I also remember, particularly during that episode as a “patient” at NIH in the fall of 1962, after my William and Mary “expulsion”,  the concern from “those in power” about the nature of my sexual interests and fantasies, of what was capable of providing “pleasure” and relational incentive.  If I was a “defective” male, I had every reason to admire superior males, and dislike those who fell even “beneath” me.  I know this sounds ironic, and the social and political consequences (if too many people believe this) can become significant, even catastrophic to democracy.  I also had no incentive for interest in women, or to reproduce. 
I also realize that this line of thinking can be reconstructed in other sequences and lead to other observations and maybe escape hatches.   Sexual arousal was seen as a passive process, “caused” by reaction to external stimuli.  I was concerned with the idea that men and women should be and look different, which again is “ironic”.  Why should I be “sexually” drawn by someone who would depend on me economically?  I seems to me, looking back on all this, that the idea of a biological future through children needed to mean something to me.  When I was young, it did not.   (On "Days of our Lives", the "gay boy" Will Horton, however, seems quite capable and passionate about parental potential and attachment.)  There were many other things to be interested in (like music).   As I near my last years or at least decades, I can see this differently, at least at an intellectual level.  Is it more important that people become their own individual selves, or function as members of a group?  That’s a bit of a paradox, as an individual’s expression doesn’t mean anything until there are others to react to it.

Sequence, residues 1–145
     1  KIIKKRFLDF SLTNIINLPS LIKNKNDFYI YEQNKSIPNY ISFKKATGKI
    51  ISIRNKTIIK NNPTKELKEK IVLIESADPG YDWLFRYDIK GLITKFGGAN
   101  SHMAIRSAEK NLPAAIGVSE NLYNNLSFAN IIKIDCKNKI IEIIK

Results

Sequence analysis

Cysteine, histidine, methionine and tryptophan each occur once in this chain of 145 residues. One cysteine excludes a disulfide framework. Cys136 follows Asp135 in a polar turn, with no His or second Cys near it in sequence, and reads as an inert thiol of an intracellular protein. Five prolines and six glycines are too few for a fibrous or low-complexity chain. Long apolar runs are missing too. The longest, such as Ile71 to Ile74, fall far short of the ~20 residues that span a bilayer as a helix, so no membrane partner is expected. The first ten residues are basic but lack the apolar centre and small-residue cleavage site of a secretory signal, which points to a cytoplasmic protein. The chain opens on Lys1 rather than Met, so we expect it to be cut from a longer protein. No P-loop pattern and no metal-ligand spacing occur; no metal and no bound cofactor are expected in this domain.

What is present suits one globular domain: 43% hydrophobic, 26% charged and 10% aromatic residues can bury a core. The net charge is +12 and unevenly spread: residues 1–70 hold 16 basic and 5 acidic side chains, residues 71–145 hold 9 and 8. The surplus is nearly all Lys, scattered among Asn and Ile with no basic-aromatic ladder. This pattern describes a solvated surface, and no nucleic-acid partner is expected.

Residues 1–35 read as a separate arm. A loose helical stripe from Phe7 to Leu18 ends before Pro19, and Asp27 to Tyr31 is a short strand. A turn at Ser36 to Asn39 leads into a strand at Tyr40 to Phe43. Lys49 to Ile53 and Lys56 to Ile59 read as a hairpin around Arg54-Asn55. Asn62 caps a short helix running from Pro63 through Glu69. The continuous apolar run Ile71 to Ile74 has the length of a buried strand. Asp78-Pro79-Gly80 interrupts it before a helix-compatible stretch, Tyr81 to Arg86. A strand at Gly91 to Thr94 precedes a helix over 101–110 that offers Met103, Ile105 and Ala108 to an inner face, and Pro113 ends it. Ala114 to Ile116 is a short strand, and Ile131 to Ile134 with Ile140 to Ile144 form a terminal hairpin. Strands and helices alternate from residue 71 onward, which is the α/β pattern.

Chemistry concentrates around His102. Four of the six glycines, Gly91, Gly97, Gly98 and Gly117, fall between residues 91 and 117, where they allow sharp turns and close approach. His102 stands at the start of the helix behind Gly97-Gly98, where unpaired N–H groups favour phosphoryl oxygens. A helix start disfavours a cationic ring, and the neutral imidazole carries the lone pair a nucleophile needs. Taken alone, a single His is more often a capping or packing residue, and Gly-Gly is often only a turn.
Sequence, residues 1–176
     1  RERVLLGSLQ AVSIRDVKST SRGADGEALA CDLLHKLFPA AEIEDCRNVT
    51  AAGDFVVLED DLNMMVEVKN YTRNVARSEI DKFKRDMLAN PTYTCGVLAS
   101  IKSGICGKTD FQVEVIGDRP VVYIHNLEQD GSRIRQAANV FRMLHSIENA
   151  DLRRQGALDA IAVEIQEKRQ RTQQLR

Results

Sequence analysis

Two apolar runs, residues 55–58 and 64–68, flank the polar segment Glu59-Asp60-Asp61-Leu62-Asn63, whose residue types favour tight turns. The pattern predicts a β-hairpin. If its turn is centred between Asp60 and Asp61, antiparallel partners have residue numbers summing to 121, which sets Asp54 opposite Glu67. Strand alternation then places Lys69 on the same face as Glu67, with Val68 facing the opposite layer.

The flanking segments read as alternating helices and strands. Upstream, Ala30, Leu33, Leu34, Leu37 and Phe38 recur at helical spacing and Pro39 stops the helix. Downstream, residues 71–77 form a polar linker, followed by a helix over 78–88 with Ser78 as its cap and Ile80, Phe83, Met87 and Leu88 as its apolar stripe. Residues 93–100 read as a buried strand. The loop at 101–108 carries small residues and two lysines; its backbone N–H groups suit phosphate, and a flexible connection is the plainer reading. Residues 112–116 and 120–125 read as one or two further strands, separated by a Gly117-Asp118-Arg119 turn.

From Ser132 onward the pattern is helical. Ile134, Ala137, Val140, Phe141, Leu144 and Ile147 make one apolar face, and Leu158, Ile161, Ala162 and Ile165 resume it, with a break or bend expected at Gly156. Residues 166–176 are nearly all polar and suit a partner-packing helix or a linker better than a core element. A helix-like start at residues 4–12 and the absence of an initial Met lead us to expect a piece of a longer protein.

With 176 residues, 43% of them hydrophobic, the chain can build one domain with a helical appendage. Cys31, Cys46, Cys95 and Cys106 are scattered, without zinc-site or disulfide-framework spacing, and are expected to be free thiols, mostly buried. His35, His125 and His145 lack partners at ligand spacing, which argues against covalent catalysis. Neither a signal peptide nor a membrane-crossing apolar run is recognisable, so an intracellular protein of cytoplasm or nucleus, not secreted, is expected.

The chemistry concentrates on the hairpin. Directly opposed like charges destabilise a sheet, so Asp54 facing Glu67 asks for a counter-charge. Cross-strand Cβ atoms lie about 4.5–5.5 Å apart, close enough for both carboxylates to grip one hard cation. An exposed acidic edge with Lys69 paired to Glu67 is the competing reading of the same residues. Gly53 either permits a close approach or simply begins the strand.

Thursday, March 21, 2013

You are what you tweet

“Smart or stupid, we are what we tweet”, in the world according to Rick Hampson, in a USA Today article on Wednesday, March 20, link here  The print title is “age-old bad judgment lives long in the digital age”.

People are getting fired or sacked for what they put on Twitter as much as Facebook. Sometimes whole careers are deep-sixed.  One of the most interesting anecodtes is that of extra actress Nicole Crowher from “Glee”, who tweeted some spoilers for upcoming episodes, and her boss said she’d never work in entertainment again.

That problem sounds more the province of bloggers, or movie reviewers.  Studios could feel that a blogger could ruin the market for a film with spoilers, and imdb is quick to warn about spoiler in detail plot synopses.  But nobody needs a “Cliff Notes” for a movie (except maybe “Inception”). 

Practically all journalists have “professional” (and public) twitter accounts, and some are not afraid to lose objectivity and vaunt their opinions (like Piers Morgan on guns).  More Twitter accounts are private than used to be (and require approved following for viewing) but others tend to broadcast a lot to the public anyway with public replies and retweets.